But, however and nonetheless, the idea behind making a film about a particular historical figure is surely to highlight his importance and examine the mark he made. It should, at the very least, let the audience get a sense of zeitgeist while being offered the opportunity to explore the nature and depth of the subject. Michael Hoffman’s latest film, The Last Station, however, does none of the above. It traces the last days of one of literature’s greats, Russian author Leo Tolstoy (b. 1828-1910), and what a subject! Yet, Hoffman disappointingly fails to lend the gravitas an icon like Tolstoy both commands and deserves.
The plot focuses on the relationship between Tolstoy (Christopher Plummer) and his wife, Countess Sofya (Helen Mirren) during the writer’s last days. While their marriage is based on passion and love, the union is a turbulent one. After 48 years together, Tolstoy is no longer the same wealthy nobleman Sofya had married. Following the publication of what may arguably be two of the greatest novels ever written, War and Peace (1869) and Anna Karenina (1877) – which Dostoevsky called “flawless as a work of art” – Tolstoy turns his attention to the plight of the poor in Russia. He’s become a ‘pacifist anarchist’ (an oxymoron perhaps?). He turns away from fiction and instead turns to writing papers advocating so-called ‘passive resistance’. Private property is to be relinquished and wealth distributed to the masses, including Tolstoy’s own (much to the chagrin of his wife).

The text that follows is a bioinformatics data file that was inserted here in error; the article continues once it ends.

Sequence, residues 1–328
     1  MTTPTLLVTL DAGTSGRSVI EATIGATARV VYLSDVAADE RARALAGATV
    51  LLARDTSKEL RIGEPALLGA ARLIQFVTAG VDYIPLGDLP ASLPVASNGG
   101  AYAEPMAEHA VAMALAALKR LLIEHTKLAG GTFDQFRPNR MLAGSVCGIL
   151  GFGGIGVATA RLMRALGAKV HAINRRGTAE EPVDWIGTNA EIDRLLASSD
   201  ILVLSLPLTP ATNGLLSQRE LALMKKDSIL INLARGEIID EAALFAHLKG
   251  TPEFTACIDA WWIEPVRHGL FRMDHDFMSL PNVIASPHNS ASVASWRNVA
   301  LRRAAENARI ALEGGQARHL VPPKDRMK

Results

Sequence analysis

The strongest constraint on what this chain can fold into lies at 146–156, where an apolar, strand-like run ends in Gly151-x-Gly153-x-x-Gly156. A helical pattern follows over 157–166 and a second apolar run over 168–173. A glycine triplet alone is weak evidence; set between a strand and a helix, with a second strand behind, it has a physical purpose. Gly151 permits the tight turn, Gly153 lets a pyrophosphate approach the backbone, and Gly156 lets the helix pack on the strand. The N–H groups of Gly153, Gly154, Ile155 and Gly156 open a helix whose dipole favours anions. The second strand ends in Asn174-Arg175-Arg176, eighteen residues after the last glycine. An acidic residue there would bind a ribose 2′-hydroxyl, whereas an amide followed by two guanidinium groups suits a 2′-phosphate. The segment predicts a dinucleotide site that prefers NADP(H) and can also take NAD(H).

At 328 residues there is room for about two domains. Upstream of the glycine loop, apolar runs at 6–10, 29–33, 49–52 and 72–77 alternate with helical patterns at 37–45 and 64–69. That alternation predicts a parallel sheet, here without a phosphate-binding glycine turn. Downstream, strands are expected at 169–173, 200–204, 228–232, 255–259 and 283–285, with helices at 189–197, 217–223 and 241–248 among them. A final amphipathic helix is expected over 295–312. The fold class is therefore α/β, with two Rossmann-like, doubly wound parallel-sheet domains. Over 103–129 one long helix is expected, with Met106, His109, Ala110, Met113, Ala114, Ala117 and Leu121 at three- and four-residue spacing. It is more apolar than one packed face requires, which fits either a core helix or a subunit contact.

Tolstoy’s beliefs and writings inspired a Hippie-like cult following, who called themselves Tolstoyans, and the sub-plot of the film concerns this group of ardent worshippers, who saw the writer as a kind of Messiah. They don’t believe in indulging the pleasures of the flesh. Sex is strictly forbidden – perhaps it’s not passive enough? Meat and money are also frowned upon. Tolstoy’s greedy lawyer, Vladimir Chertkov (Paul Giamatti), deviously uses this group to encourage the writer to relinquish the copyrights to his books and ‘bequeath’ it to the people. To help him, he dispatches the young Valentin Bulgakov (James McAvoy) to keep a watchful eye on Sofya.
There is a lack of depth and focus to the film, which gets bogged down in details that contribute nothing to an understanding of the subject. Granted, Tolstoy is not the protagonist of the film. The story is meant to be seen from Bulgakov’s point of view, which explains why we’re forced to endure the developing, and exceedingly dull, romance between Bulgakov and a fellow (female) Tolstoyan in detail. McAvoy’s character in The Last Station is an echo of the blue-eyed, innocent boy he played with so much candour in The Last King of Scotland. This time, however, there is no sparkle to his performance. It could be the fault of the script or the direction – Bulgakov’s contribution to both the plot-development and denouement simply feels redundant.
One of the film’s few redeeming qualities is the performance of the inimitable Helen Mirren, who cannot put a foot wrong. As the hysterical, melodramatic Countess Sofya she once again dazzles, earning her an Academy Award nomination for Best Actress earlier this year. Christopher Plummer was also nominated for Best Supporting Actor, although he was never going to rival Jeff Bridges.
The Last Station feels a bit helter–skelter and lacks cohesion. It starts off with enough pace, but slows down to the point where I was left wondering when the train would finally dock at the station and I could disembark.
Director & Screenwriter: Michael Hoffman
Cast: Christopher Plummer, Helen Mirren, James McAvoy, Paul Giamatti
Awards: Academy Award nominations for Helen Mirren (Best Actress) and Christopher Plummer (Best Supporting Actor)